Time to Pull the Plug on MSNBC?

Last Friday, MSNBC anchorman Martin Bashir suggested that anyone who uses the word “slavery” too lightly should be forced to eat human feces. Although Bashir had Sarah Palin in mind for this torture, his own standard might have necessitated its infliction closer to home -- as Bashir has used the same metaphor himself. Bashir’s detractors immediately pointed out this inconsistency. Several of these critics said this disgusting punishment would be more befitting Bashir. I have a better idea. NBC could just yank this kind of programming. If it did, the network that provides its anchors a platform for crude daily rants would be honoring its own legacy, which harks back to the very beginning of the medium.

NBC’s roots date to 1916, when a Russian immigrant named David Sarnoff wrote a prescient memo to his boss, Edward J. Nally. Both men were up-and-coming executives with the Marconi Wireless Telegraph Co. of America, a firm founded by Italian inventor Guglielmo Marconi. Initially, Marconi hoped the telegraph would improve maritime safety. (Two of his operators -- only one of whom survived the voyage -- were aboard the Titanic the night it sunk 101 years ago. Their last message: “We are sinking fast, passengers being put into boats.”)

From the start, visionaries saw wider applications for this technology. In May 1914, shortly before World War I made sailing the Atlantic a dangerous undertaking, Wanamaker’s department store in New York used the technology to transmit music to ships at sea. One of those who heard those tunes was David Sarnoff.

Subsequently, he began communicating with Nally about his “music box scheme,” by which he meant using the airwaves to transmit sound around the country instead of just sending messages in Morse code. After the war, Marconi’s company was bought out by General Electric, which formed RCA. It spun off the National Broadcasting Co. in 1926.

While the golden age of radio was still in its heyday, Sarnoff foresaw the possibility of transmitting images over the airwaves. On April 20, 1939, at the dedication of the RCA building at the New York World’s Fair, he said, “Now we add sight to sound.”

“It is with a feeling of humbleness that I come to this moment of announcing the birth, in this country, of a new art so important that is bound to affect all society,” Sarnoff added. “It is an art which shines like a torch in a troubled world. It is a creative force which we must learn to utilize for the benefit of all mankind.”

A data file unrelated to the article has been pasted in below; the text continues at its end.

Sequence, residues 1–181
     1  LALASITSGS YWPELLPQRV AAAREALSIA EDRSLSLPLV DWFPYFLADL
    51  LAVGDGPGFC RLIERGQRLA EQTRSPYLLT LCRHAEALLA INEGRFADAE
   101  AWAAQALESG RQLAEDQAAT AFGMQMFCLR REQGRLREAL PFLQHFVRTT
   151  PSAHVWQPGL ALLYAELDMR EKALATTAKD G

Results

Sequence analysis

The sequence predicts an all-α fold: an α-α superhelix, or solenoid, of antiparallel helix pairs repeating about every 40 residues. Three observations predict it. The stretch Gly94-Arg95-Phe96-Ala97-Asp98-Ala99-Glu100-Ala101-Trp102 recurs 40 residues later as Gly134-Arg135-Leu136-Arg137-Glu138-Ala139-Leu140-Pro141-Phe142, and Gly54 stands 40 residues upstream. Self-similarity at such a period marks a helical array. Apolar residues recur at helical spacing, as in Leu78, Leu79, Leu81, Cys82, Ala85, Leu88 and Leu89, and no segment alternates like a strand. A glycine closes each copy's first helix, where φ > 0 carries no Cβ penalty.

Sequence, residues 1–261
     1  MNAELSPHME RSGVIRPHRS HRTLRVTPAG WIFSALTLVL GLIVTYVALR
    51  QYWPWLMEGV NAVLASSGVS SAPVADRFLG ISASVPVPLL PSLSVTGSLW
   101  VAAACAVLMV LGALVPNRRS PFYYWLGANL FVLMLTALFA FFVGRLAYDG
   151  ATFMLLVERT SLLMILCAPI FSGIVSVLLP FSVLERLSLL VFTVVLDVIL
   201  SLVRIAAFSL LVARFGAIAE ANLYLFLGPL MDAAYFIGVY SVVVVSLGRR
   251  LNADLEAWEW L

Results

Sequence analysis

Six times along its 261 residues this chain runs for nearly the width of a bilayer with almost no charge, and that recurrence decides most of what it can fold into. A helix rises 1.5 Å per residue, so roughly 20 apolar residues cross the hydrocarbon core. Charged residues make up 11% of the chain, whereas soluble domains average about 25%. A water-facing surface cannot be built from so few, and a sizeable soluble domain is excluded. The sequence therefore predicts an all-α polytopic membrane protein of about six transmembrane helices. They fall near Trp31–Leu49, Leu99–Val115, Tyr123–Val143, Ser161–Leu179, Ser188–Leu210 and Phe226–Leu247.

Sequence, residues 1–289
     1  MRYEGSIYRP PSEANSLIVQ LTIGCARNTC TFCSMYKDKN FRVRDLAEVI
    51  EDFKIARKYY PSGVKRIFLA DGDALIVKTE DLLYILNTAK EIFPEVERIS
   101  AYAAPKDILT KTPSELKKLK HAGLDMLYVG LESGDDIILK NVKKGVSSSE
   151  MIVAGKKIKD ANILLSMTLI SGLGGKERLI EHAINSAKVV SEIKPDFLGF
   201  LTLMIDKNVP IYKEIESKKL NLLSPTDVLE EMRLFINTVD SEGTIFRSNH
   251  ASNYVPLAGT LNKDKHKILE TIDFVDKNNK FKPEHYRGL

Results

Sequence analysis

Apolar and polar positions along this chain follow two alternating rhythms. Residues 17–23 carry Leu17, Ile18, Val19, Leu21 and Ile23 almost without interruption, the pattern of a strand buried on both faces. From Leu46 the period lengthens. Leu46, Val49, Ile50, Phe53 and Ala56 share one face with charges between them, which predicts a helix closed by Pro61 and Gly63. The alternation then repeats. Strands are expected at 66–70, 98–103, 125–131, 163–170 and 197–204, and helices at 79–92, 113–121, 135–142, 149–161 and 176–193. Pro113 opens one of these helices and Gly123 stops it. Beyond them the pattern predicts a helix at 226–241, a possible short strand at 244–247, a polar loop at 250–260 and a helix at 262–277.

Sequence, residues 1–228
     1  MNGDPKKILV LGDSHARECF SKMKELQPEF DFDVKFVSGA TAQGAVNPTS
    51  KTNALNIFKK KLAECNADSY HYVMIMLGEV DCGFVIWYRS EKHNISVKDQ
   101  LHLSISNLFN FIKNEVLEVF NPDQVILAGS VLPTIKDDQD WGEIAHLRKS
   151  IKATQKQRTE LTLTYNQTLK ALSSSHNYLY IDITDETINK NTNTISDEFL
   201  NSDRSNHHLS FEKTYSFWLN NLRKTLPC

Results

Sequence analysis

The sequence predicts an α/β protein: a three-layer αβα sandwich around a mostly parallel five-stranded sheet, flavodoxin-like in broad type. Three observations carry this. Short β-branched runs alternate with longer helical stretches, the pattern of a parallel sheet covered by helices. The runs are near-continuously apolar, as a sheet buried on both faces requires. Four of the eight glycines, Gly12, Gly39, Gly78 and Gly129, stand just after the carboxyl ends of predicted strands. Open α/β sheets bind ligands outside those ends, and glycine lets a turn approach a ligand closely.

More than seven decades later, at least on commercial cable news programs, Sarnoff’s “torch” is often employed more like an arsonist’s weapon than a beacon.

Success Breeds . . . Vitriol

Change occurred gradually, but the eventual runaway commercial success of Fox News Channel left rival cable networks scrambling to adjust. Fox’s roster of talk show hosts was undeniably conservative. The same was true, said critics, of its news reporting. Although Fox executives asserted they were presenting a “fair and balanced” report, occasionally they would concede that they see themselves as the counterweight to an overwhelmingly liberal media establishment.

But the suits at those traditional news outlets soon confronted a problem of their own.

Although their newsrooms were indeed full of liberals, these organizations attempted to present opposing views. But cable technology had splintered the public into niche audiences. This implied a new economic paradigm. Fox surpassed cable news pioneer CNN, attracting huge audiences (at least by cable television standards). These viewers were loyal, too. They watched Fox every day, meaning that advertisers could count on them. “Branded” news programming became profitable.

Third-place MSNBC took note and, in 2008, it emerged as a reliably sympathetic outlet for Barack Obama. The same year, MSNBC veteran Phil Griffin was made network president, and he began stocking MSNBC’s airwaves with commentators who were not only liberal Democrats, but openly hostile to Republicans.

READ ENTIRE ARTICLE HERE: http://www.realclearpolitics.com/articles/2013/11/22/time_to_pull_the_plug_on_msnbc_120753.html

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